The early reformers clung to a principal known as sola scriptura – or “only scripture.” The idea was that authority didn’t come from the Pope or the Church, it came from the Bible. Thus, it was appropriate to reject the authority of the Church where it was clearly inconsistent with the text of the Old and/or New Testaments.
In a sense, the American Restorationists took this concept and pumped it full of steroids. Restorationists assumed not only that scripture was the sole authority for our lives, but that it also contained “patterns” of behavior which – if logically discerned from the text – ought to be used by modern Christians. This is a fairly well established concept among the more traditional and conservative members of Restorationist churches, and even those who don’t agree with it still generally understand it correctly.
Wesley, on the other hand, may have been sorely misunderstood on this issue. In 1964 (my year of birth, incidentally) a theologian/scholar named Albert Outler coined the term Wesleyan Quadrilateral. Outler posited, in a collection of Wesley’s works, that Wesley looked to four sources that should be utilized in reaching theological conclusions: (1) scripture, (2) tradition, (3) reason, and (4) experience.
While Outler’s summary is generally considered to be correct – there is an implied assumption behind the concept of the “quadrilateral” which has caused it to be widely misconstrued. Specifically, it is easy to assume – when you summarize Wesley in these terms – that he believed all four “sides” of the so-called quadrilateral should be considered equally. Thus, for example, if reason, tradition, and experience all pointed in one direction, then scripture is “overruled.”
This implicit assumption about the Wesleyan Quadrilateral is essentially wrong. Wesley, in fact, was a big fan of sola scriptura, just like the reformers and the early Restorationists.
To Wesley, the other three “sides” of the Quadrilateral were, in fact, guides to interpreting scripture. Thus, reason, tradition, and experience were not so much independent means to reach theological conclusions as they were important voices to hear in arriving at a responsible reading of scripture.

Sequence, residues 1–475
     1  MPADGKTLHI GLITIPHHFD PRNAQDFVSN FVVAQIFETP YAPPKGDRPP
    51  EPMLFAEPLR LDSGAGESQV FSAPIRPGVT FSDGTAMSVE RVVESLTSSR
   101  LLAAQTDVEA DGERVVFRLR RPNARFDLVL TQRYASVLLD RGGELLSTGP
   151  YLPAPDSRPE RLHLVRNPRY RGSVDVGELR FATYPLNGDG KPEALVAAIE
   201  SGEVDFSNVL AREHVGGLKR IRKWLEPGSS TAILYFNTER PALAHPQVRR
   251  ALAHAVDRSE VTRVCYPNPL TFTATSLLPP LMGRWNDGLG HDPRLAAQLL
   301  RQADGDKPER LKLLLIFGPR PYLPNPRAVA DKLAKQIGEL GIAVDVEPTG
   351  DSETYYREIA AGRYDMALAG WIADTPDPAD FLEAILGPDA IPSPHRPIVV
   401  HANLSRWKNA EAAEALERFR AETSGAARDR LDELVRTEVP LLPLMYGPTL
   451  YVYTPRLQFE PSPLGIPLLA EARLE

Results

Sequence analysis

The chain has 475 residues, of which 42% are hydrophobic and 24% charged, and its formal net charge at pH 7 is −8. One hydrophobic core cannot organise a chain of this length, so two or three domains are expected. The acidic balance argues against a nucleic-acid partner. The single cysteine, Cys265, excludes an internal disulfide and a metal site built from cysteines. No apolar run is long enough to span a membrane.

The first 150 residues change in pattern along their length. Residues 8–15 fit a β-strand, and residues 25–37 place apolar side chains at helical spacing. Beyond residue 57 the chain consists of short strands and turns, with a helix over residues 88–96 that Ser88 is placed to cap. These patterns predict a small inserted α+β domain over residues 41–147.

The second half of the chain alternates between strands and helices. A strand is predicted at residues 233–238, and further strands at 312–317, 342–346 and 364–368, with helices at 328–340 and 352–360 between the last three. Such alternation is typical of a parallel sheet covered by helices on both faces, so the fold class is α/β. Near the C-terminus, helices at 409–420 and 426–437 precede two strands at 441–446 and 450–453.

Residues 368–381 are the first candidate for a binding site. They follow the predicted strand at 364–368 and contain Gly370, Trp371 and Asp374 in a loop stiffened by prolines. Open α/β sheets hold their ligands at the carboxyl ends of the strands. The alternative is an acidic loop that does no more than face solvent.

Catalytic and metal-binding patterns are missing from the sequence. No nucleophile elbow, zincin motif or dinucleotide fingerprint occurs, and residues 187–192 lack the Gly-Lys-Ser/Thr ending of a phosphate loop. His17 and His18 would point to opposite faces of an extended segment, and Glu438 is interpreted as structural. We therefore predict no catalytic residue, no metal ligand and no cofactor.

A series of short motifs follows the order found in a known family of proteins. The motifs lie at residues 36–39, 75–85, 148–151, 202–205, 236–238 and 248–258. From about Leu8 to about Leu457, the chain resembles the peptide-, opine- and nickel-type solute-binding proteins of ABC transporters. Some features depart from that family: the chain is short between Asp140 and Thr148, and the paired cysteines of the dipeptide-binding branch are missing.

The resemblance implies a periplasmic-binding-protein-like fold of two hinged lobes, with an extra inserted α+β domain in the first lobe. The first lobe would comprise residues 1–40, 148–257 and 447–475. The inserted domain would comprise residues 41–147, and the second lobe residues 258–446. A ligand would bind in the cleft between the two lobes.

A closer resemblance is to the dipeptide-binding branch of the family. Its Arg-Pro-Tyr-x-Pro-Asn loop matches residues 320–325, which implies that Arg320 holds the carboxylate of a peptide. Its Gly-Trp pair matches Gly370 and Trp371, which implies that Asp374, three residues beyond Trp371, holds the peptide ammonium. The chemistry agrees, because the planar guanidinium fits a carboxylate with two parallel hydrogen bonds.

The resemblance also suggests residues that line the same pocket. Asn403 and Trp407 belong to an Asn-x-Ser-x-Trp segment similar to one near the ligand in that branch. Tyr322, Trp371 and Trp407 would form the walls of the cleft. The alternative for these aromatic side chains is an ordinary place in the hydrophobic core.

The Restorationist – I think – would eagerly agree that reason and experience are important tools in understanding scripture. However, considerably less weight would be given to tradition since – in the mind of the Restorationist – “tradition” is a kind-of poison that, over time, has diluted the purity of scripture.
In some respects, I continue to wrestle with broader issues about the nature of scripture – yet the questions I am asking, in some ways, transcend the issue of whether or how it is “authoritative.”
In The Great Emergence, Phyllis Tickle hits this issue right on the head. In the same way that the early Reformers wrestled with the nature of Papal authority, Christians are now beginning to wrestle with understanding how “authority” rests in scripture.
Is scripture authoritative? It never claims to be. To the contrary, scripture claims that authority rests in Jesus. Yet scripture has played an undeniably powerful role in understanding Jesus and the history of God’s people. How, then, does it fit into the picture as we struggle to come to know God?
Neither Wesley nor the early Restorationists have settled this question for me. However, I am grateful for the legacy of love for the Christian scripture that is infused throughout both traditions.
Post Script – some of you may have noticed that another factor has been left out of my summary of both traditions: the ongoing role that the Holy Spirit plays in the revelation of God to His people. This approach to “understanding” God was largely rejected within the Restoration traditions, which assumed that such revelation was unnecessary (and, thus, absent) after the text of the New Testament was complete. Furthermore, while God’s ongoing revelation through His Spirit does seem to play a role in the Wesleyan tradition, it seems to be somewhat diminished in comparison to the stronger charismatic traditions.